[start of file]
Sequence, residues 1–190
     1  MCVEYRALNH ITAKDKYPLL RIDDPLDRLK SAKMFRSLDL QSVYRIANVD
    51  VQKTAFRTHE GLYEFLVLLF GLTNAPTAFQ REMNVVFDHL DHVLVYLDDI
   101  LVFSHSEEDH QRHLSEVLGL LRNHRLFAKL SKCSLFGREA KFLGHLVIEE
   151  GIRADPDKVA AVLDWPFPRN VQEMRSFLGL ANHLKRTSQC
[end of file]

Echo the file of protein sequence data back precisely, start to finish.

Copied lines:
Sequence, residues 1–190
     1  MCVEYRALNH ITAKDKYPLL RIDDPLDRLK SAKMFRSLDL QSVYRIANVD
    51  VQKTAFRTHE GLYEFLVLLF GLTNAPTAFQ REMNVVFDHL DHVLVYLDDI
   101  LVFSHSEEDH QRHLSEVLGL LRNHRLFAKL SKCSLFGREA KFLGHLVIEE
   151  GIRADPDKVA AVLDWPFPRN VQEMRSFLGL ANHLKRTSQC